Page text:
Rogue Economics: Capitalism's New Reality
By Loretta Napoleoni
Allen & Unwin, 2008
292 pages, $29.95 (pb)
I was attracted to this book after hearing Loretta Napoleoni on ABC radio on June 2. In a short, punchy talk she made the most astonishing attacks on modern capitalism.
There is "almost a perfect correlation [linking] the spreading of democracy and the rising of slavery," she said. As the number of "democratic countries" increases, so does the global pool of slaves. She stated that today the price of a slave is a fraction of what was during the Roman Empire!
Supermarket shelves of are "full of products brought to us by slaves," she said. Three quarters of the fish we eat "has been fished illegally and the housing market is infested with money launderers".
In just 600 words she slammed the new global order and pointed to "Chinese counterfeiters, Russian oligarchs, internet porno-businessmen, Bulgarian mafia, urban gangs and politicians turned great illusionists".
I had just finished researching and writing an article for Green Left Weekly on the rise of counterfeiting globally and here was someone hammering out many of the facts I had ferreted out of dark corners.
I avidly looked forward to the book that would flesh out her short statement. I was bitterly disappointed.
Napoleoni's writing is most certainly anti-capitalist, or rather it is staunchly opposed to the bad effects of capitalism. But she is like a rudderless rocket, firing off in any direction.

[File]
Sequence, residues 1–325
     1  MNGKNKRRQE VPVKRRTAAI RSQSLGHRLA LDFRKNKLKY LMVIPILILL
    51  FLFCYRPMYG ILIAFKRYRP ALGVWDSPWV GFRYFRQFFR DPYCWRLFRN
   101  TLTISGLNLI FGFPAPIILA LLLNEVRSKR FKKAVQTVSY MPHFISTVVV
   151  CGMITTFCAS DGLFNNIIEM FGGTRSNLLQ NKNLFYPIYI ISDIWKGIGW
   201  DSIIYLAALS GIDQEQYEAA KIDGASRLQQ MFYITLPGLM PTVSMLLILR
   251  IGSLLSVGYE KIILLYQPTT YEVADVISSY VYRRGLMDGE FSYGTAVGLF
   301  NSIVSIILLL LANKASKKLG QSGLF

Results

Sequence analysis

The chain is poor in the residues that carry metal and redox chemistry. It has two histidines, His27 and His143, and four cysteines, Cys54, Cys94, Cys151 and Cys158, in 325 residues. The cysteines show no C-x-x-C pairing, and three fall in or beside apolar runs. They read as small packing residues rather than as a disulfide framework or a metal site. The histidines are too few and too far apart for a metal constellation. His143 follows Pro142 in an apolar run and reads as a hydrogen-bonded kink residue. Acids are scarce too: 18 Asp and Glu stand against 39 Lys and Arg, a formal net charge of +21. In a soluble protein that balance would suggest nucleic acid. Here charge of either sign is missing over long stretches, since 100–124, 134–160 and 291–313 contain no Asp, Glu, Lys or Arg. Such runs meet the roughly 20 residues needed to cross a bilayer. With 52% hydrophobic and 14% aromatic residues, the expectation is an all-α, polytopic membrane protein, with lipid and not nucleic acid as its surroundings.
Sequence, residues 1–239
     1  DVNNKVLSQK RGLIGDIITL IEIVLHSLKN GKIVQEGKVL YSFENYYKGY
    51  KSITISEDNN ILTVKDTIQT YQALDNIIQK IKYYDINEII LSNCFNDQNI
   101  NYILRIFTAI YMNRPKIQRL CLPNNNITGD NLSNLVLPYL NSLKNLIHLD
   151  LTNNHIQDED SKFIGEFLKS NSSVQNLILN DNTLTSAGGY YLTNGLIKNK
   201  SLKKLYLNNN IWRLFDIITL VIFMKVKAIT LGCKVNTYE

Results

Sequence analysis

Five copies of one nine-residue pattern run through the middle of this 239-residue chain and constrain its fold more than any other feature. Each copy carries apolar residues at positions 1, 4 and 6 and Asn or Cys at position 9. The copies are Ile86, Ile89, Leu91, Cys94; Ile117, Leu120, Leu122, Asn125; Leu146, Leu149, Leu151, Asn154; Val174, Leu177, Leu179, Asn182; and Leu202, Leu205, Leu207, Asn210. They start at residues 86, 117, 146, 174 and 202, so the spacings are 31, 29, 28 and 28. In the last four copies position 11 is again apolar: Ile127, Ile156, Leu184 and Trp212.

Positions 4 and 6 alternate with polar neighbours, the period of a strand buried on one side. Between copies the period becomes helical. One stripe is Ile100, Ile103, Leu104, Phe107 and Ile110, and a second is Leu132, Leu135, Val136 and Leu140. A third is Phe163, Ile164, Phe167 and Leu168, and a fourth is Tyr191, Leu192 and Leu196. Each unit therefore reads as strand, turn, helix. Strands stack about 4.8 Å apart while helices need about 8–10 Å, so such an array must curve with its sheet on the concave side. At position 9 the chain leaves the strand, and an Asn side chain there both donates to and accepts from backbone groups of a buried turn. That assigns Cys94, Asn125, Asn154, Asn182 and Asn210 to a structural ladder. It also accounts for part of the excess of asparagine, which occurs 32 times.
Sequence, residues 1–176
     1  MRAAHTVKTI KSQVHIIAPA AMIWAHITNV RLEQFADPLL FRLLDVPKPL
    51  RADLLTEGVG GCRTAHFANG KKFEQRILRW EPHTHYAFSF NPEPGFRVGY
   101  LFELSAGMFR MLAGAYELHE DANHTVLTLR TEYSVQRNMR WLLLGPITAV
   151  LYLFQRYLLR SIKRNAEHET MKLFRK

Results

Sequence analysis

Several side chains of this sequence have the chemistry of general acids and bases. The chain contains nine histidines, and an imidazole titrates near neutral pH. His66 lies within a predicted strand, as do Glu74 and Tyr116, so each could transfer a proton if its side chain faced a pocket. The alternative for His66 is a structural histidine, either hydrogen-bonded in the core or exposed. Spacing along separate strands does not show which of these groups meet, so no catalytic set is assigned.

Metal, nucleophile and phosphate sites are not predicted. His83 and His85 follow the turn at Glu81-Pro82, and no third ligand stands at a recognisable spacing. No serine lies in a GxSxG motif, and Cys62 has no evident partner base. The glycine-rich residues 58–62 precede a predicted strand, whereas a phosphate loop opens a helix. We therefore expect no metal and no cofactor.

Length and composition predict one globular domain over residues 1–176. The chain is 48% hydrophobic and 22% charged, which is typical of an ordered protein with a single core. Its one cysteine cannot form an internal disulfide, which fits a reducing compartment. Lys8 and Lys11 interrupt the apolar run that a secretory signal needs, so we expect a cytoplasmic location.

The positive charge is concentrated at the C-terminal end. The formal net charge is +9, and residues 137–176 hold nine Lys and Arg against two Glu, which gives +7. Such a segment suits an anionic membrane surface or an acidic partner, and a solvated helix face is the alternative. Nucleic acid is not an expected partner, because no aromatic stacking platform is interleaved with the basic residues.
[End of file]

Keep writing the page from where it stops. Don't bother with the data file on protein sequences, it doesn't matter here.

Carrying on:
The book certainly opens with a punch. She opens up the reality of the trade in women from Eastern Europe into the brothels of Western Europe and Israel. She speaks of the "Arizona Market" in northwestern Serbia, which is a modern slave market in which these women are put on the auction block.
This is gut-wrenching reading but her inadequate writing undercuts it. For instance: she claims that 1 million Israelis visit a prostitute every month, footnoting a book called Natashas as the source.
However, there are only around 2 million Israeli men between the ages of 15 and 65. Fifty percent of the sexually active Israeli male population use prostitutes every month? Without further backup the claim seems unrealistic.
Also, at the conclusion of the chapter (titled "Sleeping with the enemy") it remains unclear if she is condemning sex slavery or the fact that Israeli criminals collude with Arab criminals to conduct it.
Other disturbing questions arise as she starts to try to explain the capitalist evolution of China. Denying any Marxist analysis, she tries to stretch Hannah Arendt's thinking on the dangers of subjugating politics to economics.
This leads her to conclusions that reek of racism: Chinese civilisation "constantly blurs the boundaries between what Western culture defines as legal and illegal".
She clearly has never heard of WA Inc or Queensland's Bjelke-Petersen government or the British "Opium Wars" against China!
She has heard of the Venezuelan revolution, however. It is driven by gangsters forming rap bands to provide "the mythical terrain upon which Chavez's popularism appeals to the instinctive tribalism of his compatriots". All this is to "establish a state apparatus capable of fulfilling the false ideals of the Bolivarian revolution".
Put bluntly: this is a weird book. Its most interesting points are summarised in her talk on Radio National's Perspective program. Unfortunately, she tried to extend out the little she knows to nearly 300 pages.